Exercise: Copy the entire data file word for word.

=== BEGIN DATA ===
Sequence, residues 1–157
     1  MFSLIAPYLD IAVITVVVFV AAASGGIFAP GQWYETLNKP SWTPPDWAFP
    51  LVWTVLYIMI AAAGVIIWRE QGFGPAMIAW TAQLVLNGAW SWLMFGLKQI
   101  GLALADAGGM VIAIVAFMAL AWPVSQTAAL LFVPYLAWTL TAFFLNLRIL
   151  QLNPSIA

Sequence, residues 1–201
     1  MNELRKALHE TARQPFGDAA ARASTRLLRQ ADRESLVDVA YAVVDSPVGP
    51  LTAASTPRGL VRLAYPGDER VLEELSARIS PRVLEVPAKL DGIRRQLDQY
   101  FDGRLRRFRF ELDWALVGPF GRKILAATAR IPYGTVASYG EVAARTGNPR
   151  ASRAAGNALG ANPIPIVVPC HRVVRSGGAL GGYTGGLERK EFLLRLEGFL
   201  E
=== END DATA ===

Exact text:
Sequence, residues 1–157
     1  MFSLIAPYLD IAVITVVVFV AAASGGIFAP GQWYETLNKP SWTPPDWAFP
    51  LVWTVLYIMI AAAGVIIWRE QGFGPAMIAW TAQLVLNGAW SWLMFGLKQI
   101  GLALADAGGM VIAIVAFMAL AWPVSQTAAL LFVPYLAWTL TAFFLNLRIL
   151  QLNPSIA

Sequence, residues 1–201
     1  MNELRKALHE TARQPFGDAA ARASTRLLRQ ADRESLVDVA YAVVDSPVGP
    51  LTAASTPRGL VRLAYPGDER VLEELSARIS PRVLEVPAKL DGIRRQLDQY
   101  FDGRLRRFRF ELDWALVGPF GRKILAATAR IPYGTVASYG EVAARTGNPR
   151  ASRAAGNALG ANPIPIVVPC HRVVRSGGAL GGYTGGLERK EFLLRLEGFL
   201  E